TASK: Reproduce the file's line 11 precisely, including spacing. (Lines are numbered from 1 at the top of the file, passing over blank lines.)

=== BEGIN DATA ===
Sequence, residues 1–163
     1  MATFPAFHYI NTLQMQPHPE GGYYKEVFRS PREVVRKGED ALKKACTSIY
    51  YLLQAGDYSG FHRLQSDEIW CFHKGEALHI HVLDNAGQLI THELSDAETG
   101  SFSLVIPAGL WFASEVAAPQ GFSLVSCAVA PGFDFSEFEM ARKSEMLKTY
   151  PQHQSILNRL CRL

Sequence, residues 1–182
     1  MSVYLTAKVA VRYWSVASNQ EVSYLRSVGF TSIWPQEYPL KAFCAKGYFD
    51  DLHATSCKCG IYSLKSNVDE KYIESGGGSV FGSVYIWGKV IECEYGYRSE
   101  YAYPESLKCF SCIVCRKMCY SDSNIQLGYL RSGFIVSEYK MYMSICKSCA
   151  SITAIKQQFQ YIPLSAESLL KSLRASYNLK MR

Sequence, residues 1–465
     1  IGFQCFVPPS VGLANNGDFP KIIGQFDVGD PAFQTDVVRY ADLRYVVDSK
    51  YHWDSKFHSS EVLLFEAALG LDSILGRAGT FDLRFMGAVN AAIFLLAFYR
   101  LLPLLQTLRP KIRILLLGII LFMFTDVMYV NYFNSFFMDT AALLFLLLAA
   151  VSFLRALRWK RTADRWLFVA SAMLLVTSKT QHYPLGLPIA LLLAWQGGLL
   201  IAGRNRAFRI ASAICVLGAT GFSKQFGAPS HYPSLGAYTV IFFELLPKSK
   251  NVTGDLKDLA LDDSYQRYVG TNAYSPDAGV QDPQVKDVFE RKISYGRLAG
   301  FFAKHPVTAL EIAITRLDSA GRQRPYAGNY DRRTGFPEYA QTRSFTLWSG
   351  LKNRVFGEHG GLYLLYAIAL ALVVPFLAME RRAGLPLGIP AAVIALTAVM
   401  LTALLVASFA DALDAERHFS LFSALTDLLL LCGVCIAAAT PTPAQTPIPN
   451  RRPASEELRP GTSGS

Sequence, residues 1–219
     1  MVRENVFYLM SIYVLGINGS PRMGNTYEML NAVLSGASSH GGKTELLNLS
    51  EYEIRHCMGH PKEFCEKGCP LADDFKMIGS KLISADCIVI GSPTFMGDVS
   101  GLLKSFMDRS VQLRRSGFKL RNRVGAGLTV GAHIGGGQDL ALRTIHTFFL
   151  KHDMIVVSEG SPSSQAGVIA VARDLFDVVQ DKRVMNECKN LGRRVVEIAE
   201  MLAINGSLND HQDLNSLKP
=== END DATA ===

Sequence, residues 1–465